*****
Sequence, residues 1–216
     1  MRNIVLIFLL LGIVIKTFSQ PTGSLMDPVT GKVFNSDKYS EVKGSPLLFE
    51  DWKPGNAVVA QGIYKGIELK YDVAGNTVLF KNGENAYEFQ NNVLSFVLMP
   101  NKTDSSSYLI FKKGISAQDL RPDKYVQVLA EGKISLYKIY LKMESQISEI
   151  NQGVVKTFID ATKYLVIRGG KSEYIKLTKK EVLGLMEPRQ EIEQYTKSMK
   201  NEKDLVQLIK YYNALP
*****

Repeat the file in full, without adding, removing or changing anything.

Sequence, residues 1–216
     1  MRNIVLIFLL LGIVIKTFSQ PTGSLMDPVT GKVFNSDKYS EVKGSPLLFE
    51  DWKPGNAVVA QGIYKGIELK YDVAGNTVLF KNGENAYEFQ NNVLSFVLMP
   101  NKTDSSSYLI FKKGISAQDL RPDKYVQVLA EGKISLYKIY LKMESQISEI
   151  NQGVVKTFID ATKYLVIRGG KSEYIKLTKK EVLGLMEPRQ EIEQYTKSMK
   201  NEKDLVQLIK YYNALP